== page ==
We’re singing all the praises of apple crisp because it’s THE dessert of the season. Featuring warm gooey cinnamon apples and a brown sugar oat topping, this comfort food classic takes half the time and effort that traditional apple pie requires. You just need a handful of basic ingredients to get started including baking apples such as Granny Smith and Honeycrisp.
How many ways can we bake with apples? Hopefully you’ve been enjoying sweet and simple baked apples or even dove headfirst into apple cinnamon bread, apple cake, and caramel apple upside down cake. There’s apple cinnamon babka and so many more apple recipes. But today, let’s get down to the basics. This is pure and simple apple crisp, a timeless dessert highlighting the natural flavor of apples. This apple dessert is an end-of-the-meal treat that delivers BIG flavor for very little work. Let’s be honest—if you can chop apples, you can make apple crisp.
Here’s Why You’ll Love This Apple Crisp Recipe
- Easier Than Pie: It’s easy to adore apple pie, but there’s no doubt that homemade pie is a labor of love. In this fruit crisp, we’re swapping pie crust for oat streusel topping. Skip all the pie dough chilling and leave your rolling pin in the cabinet.
- Basic Ingredients: Crisps are pretty unfussy and there’s no strange ingredients required. Most of the ingredients you need are repeated in both layers, too.
- No Eggs: Many bakers have been asking for egg-free baking recipes like this.
- Short Cooling Time: As much as we all love homemade apple pie, it requires a long cooling time to properly set up. Sometimes we need a crowd-pleasing dessert that’s a little quicker, but just as seasonal and impressive.
- And It’s Delicious: What’s better than warm cinnamon apples and chewy-crisp oat topping? This is a cold weather must.
And above all else—if you have little ones, this dessert is convenient and manageable. You don’t have to wait for anything to come to room temperature, chill, or cool down. Kids have a ball spreading the apples into the dish and sprinkling the oat crumble on top. (And in the summer, have the young bakers help make a peach crisp!)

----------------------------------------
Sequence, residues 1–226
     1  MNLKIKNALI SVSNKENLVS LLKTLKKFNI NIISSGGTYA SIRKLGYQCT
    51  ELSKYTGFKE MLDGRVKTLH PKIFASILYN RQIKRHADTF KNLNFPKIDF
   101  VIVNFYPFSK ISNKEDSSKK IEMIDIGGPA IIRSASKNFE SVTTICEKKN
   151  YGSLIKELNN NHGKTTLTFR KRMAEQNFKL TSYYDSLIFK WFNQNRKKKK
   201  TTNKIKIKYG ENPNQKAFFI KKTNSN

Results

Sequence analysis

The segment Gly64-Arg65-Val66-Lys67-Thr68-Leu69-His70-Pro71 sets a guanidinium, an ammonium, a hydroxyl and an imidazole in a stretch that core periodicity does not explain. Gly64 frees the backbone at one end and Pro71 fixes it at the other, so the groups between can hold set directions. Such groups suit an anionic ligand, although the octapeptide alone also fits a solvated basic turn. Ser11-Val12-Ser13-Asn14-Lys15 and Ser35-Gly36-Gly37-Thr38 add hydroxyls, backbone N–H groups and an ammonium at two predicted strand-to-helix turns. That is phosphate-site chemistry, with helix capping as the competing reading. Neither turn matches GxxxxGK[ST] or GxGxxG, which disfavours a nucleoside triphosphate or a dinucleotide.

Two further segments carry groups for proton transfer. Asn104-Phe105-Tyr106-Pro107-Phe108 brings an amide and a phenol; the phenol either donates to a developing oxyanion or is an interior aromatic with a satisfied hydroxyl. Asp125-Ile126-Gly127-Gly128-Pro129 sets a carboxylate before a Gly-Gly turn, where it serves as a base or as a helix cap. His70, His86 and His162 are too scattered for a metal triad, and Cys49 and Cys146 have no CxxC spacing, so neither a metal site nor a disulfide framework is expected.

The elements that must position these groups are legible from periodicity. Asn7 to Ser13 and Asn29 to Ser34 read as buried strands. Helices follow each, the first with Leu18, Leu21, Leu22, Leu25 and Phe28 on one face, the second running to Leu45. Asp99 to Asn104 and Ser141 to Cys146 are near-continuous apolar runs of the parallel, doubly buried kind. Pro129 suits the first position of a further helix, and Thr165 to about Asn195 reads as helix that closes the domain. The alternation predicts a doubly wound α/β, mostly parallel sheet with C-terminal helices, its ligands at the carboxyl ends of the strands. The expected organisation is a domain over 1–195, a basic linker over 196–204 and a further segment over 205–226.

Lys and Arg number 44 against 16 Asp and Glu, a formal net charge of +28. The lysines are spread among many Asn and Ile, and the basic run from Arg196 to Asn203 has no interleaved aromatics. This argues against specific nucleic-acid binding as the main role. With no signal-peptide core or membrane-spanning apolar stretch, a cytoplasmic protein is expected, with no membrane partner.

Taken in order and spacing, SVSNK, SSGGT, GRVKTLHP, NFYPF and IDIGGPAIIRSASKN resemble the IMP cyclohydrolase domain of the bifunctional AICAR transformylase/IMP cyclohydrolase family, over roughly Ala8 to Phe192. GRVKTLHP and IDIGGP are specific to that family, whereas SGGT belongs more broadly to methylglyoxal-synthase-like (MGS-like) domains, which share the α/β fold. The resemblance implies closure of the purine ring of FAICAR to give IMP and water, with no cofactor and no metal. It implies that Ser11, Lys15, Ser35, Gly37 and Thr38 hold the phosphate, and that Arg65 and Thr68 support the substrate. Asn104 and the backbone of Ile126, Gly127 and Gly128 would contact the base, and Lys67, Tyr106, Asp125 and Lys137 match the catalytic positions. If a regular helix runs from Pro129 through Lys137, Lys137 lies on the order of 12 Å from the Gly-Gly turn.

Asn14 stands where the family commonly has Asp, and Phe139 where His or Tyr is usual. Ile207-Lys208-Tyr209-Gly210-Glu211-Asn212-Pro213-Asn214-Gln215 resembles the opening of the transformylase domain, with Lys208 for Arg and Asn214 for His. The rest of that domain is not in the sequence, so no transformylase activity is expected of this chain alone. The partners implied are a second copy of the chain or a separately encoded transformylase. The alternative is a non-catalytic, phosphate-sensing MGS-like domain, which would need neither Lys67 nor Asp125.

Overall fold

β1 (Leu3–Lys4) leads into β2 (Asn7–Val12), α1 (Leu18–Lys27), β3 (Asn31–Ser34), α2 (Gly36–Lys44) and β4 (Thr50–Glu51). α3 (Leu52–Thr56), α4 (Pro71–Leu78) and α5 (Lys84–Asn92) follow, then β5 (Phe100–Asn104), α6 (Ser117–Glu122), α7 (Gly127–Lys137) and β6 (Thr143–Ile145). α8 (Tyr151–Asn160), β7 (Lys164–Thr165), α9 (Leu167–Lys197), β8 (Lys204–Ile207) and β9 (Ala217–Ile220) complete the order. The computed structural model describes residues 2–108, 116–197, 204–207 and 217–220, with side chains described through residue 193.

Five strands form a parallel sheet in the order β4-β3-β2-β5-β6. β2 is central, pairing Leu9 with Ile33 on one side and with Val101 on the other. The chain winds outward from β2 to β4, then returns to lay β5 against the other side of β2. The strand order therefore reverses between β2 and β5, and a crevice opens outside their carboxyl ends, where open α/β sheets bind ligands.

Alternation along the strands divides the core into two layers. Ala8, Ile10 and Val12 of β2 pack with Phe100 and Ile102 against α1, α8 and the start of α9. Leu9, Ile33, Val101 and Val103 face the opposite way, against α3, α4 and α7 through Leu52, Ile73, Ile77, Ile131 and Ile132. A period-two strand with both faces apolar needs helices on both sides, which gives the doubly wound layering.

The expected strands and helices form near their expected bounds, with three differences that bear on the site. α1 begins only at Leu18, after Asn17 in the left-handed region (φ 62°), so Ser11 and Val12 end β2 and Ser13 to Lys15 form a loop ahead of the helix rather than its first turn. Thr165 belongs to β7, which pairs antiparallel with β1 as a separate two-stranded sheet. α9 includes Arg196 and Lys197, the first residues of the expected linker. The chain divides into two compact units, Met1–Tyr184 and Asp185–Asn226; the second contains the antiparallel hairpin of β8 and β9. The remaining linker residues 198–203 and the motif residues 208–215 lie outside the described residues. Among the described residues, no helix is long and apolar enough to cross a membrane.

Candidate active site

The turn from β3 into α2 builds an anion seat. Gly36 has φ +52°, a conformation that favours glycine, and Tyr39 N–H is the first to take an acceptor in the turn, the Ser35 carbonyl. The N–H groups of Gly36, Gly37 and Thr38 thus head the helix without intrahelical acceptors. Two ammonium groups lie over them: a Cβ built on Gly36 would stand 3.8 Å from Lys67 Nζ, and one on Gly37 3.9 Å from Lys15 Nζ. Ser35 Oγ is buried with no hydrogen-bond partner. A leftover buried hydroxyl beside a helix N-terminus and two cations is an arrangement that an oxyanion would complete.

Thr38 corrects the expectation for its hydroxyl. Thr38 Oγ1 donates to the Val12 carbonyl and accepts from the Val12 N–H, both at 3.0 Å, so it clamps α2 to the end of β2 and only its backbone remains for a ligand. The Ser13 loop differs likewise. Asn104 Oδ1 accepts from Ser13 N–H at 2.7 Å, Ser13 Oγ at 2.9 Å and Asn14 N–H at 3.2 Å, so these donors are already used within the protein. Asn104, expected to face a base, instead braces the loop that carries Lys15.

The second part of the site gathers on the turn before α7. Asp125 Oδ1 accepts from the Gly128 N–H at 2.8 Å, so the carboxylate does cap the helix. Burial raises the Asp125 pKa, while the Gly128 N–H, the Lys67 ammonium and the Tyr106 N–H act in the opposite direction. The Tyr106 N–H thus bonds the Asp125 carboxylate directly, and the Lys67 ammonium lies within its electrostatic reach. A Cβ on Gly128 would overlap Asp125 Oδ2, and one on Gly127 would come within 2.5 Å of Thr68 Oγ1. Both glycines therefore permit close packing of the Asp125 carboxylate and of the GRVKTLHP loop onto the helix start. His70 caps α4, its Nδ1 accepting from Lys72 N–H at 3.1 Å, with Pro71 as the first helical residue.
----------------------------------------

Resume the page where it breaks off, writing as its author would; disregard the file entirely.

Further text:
Overview of Apple Crisp Recipe Ingredients
There are 2 components in apple crisp: the apple layer and the oat topping. The topping is the same recipe we use for blueberry crumble pie and bourbon cherry crisp, only slightly increased for a larger 9×13 inch dish.
- Apples: See below for the best apples to use. You need about 8 medium apples, peeled and chopped into chunks.
- Brown Sugar: We use brown sugar to sweeten and bring flavor to the entire dish. You need it for both the apple layer and topping.
- Flour: All-purpose flour thickens the apple filling and is the base of the topping. Do you need a gluten-free version? Here’s my super flavorful gluten-free apple crisp.
- Vanilla & Salt: I’ve made a lot of apple crisp recipes and nothing compares to the way I make it now (recipe below). Vanilla complements these warm flavors and salt balances out all the sweetness. Trust me, you don’t want to skip either—the dessert tastes flat otherwise.
- Cinnamon & Nutmeg: Use cinnamon and nutmeg in the apple layer and cinnamon again in the topping.
- Butter: To prevent it from melting too soon and losing texture, use very cold butter. Take it right from the refrigerator and cut it into cubes. Then use a pastry cutter or fork to mix it into the flour, brown sugar, and cinnamon. Don’t overcomplicate this step, let the mixture be messy, crumbly, and coarse. Less is more. (Music to our ears!)
- Oats: Some oats get a little crispy, some stay soft and chewy. Use whole oats for the best texture. Stir the oats into the topping mixture *after* you cut in the butter. We do this with strawberry crisp as well—you just don’t want the oats to break down too much.
What Are the Best Apples to Use for Baking?
Firmer apples are ideal for baking. Avoid soft, mealy, and mushy apples. For depth of flavor, it’s best to bake with a mix of tart and sweet apples. For apple crisp, I usually use 4 tart and 4 sweet.
- Tart apples I love to bake with: Granny Smith (in my opinion, this is the best overall apple for baking), Braeburn, Jonathan, and Pacific Rose
- Sweet apples I love to bake with: Jazz, Pazazz (sometimes harder to find but delicious!), Honeycrisp, Pink Lady, and Fuji
For a detailed list of my favorite apple varieties and when to use each, you can visit my post The Best Apples for Baking.
Peel & Slice Apples into Chunks